Joint with the Chemistry Department of Loyola University
and the Chicago Chemists' Club
|Prof. Vicki Colvin|
Kenneth S. Pitzer-Schlumberger Professor of Chemistry and Professor of Chemical & Biomolecular Engineering
“Nanotechnology in the Environment: Safety by Design”
Date: September 24, 2010 Location:
6525 N. Sheridan Road
Chemistry Dept/Flanner Hall
Cost: $12 per person, flat charge. Dinner served cafeteria style at nearby Simpson Living Center.
Dinner reservations are required and should be received in the Section Office via phone (847-391-9091), email (email@example.com), or web by noon on Wednesday, September 22. PLEASE HONOR YOUR RESERVATIONS. The Section must pay for all food orders. No-shows will be billed. Seating will be available for those who wish to attend only the meeting.
Please REGISTER ON LINE
4:30 - 5:30 PM Loyola Chemistry Student Poster Session, Flanner Hall lobby
4:30 - 5:30 PM Social Hour, Flanner Hall
5:00 - 6:00 PM Job Club
5:00 - 6:30 PM Dinner, served cafeteria style at the Simpson Living Center
7:30 PM High School Scholarship Exam Awards Presentation
7:45 PM Lecture, Professor Vicki Colvin
Note: All activities except for dinner will be in Flanner Hall at Loyola
After Dinner Topic: “Nanotechnology in the Environment: Safety by Design”
Nanotechnology-enabled systems offer much promise for solving difficult environmental problems ranging from water purification to waste remediation. These solutions must not only be cost-effective and sustainable, but they must also be safe for people and the environment. Our emerging understanding of the interface between nanomaterials and biological systems gives us the critical ability to approach the latter issue early in the development of nanotechnology. This talk will discuss in some detail how the chemical and physical properties of engineered nanomaterials impact their biological effects in model systems.
Three case studies, ranging from fullerenes to metal oxides, illustrate the vast diversity of nanomaterial features and biological response. The composition of a nanomaterial is the primary factor in describing acute biological effects, and among the different examples nanoparticle charge and surface coating can be of equal importance. Interestingly, the size of the inorganic material itself in these three examples, such an important feature for applications development, is secondary in defining the materials’ acute biological effect. In all cases, the biological and environmental compartments experienced by nanomaterials lead to substantial modification of their hydrodynamic size and charge. The bio-modified material that results is the central element to understand and characterize in order to detect the underlying correlations between the inorganic nanomaterial phase, composition and size with biological outcomes. These correlations form the basis for guidelines that permit researchers creating new nanoparticles to focus their energy on materials that are ‘safe by design’.
Dr. Vicki Colvin received her Bachelor's degree in chemistry and physics from Stanford University in 1988, and in 1994 obtained her Ph.D. in chemistry from the University of California, Berkeley. During her time at the University of California, Berkeley, Colvin was awarded the American Chemical Society's Victor K. LaMer Award for her work in colloid and surface chemistry. Colvin completed her postdoctoral work at AT&T Bell Labs.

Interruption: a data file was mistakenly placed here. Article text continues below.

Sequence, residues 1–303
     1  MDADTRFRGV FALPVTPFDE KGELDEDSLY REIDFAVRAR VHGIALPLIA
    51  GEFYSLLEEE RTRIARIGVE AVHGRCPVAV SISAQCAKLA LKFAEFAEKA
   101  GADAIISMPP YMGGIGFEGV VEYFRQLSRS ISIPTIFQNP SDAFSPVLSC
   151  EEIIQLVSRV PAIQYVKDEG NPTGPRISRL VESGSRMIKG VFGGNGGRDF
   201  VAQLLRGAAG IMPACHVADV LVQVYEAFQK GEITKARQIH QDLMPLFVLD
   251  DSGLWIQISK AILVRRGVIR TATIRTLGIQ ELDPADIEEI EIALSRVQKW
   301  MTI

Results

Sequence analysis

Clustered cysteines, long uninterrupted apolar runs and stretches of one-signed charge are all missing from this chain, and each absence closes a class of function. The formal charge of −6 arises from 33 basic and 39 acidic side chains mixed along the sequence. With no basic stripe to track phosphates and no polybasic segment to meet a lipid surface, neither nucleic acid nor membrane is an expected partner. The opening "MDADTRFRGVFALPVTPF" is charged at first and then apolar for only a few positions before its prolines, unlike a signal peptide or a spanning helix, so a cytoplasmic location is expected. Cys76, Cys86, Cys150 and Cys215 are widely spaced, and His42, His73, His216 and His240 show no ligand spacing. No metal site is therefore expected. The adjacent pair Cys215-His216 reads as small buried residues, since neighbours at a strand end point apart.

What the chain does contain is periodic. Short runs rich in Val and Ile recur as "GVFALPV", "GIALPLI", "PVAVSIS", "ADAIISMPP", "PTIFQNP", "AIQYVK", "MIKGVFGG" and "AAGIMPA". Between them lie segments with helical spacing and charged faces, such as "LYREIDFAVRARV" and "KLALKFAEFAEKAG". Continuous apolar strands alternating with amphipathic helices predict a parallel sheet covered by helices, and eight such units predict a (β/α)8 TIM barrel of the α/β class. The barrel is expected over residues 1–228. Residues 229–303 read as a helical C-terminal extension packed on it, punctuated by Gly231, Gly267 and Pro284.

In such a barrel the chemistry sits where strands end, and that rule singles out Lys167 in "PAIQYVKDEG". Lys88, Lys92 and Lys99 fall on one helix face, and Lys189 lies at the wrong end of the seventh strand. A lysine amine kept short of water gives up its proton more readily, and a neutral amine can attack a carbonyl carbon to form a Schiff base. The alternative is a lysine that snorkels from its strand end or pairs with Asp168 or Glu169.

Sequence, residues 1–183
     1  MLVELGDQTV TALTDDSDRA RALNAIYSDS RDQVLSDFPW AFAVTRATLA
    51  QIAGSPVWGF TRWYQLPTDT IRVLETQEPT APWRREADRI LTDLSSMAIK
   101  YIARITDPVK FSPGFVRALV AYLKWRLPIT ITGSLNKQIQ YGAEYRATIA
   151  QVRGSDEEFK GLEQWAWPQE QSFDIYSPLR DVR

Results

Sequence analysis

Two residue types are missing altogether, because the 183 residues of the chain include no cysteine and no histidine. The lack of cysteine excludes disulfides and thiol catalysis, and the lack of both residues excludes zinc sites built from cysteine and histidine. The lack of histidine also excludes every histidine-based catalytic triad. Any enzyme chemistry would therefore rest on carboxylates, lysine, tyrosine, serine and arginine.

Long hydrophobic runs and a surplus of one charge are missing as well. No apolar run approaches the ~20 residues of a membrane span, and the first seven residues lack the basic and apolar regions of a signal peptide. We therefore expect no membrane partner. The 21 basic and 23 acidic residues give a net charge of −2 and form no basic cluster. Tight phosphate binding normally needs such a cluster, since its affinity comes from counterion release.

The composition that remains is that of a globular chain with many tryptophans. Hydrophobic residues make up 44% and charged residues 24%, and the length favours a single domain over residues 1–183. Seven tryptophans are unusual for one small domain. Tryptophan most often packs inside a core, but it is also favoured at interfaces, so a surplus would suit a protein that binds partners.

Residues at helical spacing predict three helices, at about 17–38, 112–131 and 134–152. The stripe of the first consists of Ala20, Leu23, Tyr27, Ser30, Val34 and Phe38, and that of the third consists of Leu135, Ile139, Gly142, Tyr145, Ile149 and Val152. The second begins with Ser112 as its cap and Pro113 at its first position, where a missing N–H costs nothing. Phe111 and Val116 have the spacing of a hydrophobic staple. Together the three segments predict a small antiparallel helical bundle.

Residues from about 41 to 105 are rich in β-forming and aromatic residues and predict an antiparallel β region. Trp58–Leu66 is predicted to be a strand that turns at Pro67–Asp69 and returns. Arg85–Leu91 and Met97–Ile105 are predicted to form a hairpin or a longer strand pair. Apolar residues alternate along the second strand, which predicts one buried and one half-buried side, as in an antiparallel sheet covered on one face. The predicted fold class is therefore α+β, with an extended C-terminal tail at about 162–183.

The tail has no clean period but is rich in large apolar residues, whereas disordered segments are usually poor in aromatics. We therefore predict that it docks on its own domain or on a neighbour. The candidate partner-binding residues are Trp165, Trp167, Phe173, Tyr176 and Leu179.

In 1996, she was recruited by Rice University to expand its nanotechnology program. Currently she serves as Kenneth S. Pitzer-Schlumberger Professor of Chemistry and Professor of Chemical & Biomolecular Engineering. She also serves as Co-Director of Richard E. Smalley Institute for Nanoscale Science and Technology and Director of the Center for Biological and Environmental Nanotechnology (CBEN). CBEN was one of the nation's first Nanoscience and Engineering Centers funded by the National Science Foundation. One of CBEN's primary areas of interest is the application of nanotechnology to the environment.
She has received numerous accolades for her teaching abilities, including Phi Beta Kappa's Teaching Prize for 1998-1999 and the Camille Dreyfus Teacher Scholar Award in 2002. She was named one of Discover Magazine's "Top 20 Scientists to Watch" and received an Alfred P. Sloan Fellowship in 2002. Her research in low-field magnetic separation of nanocrystals was named Top Five (no. 2 of 5) Nanotech Breakthroughs of 2006 by Forbes/Wolfe Nanotech Report, and resulted in her being named 2007 Best & Brightest Honoree by Esquire Magazine; she was also named a Fellow in the Association for the Advancement of Science (AAAS), 2007-2008.
Dr. Colvin is also a frequent contributor to Science, Advanced Materials, Physical Review Letters and other peer-reviewed journals, having authored/co-authored over 75 articles, and holds patents to seven inventions.
Map and Directions
Parking: Enter the campus at the intersection of Kenmore and Sheridan Road and bear to the left. Parking is available at the parking deck next to Flanner Hall for $7.00. Enter the garage at the entrance marked “Faculty, Students, Guests, Visitors.” When leaving the garage, first purchase an exit parking ticket at the pay station machine located near the garage stairs and elevators.
An excellent dinner will be in the nearby Simpson Living Center and is served cafeteria style. The cafeteria provides a large variety of items on an all-you-can-eat basis. A portion of the cafeteria will be reserved for ACS attendees. Dinner admission tickets are obtained at the ACS registration table in Flanner Hall for a flat charge of $12.00 per person. No discounted dinners for students, retirees or unemployed.
|Last updated 8/4/10
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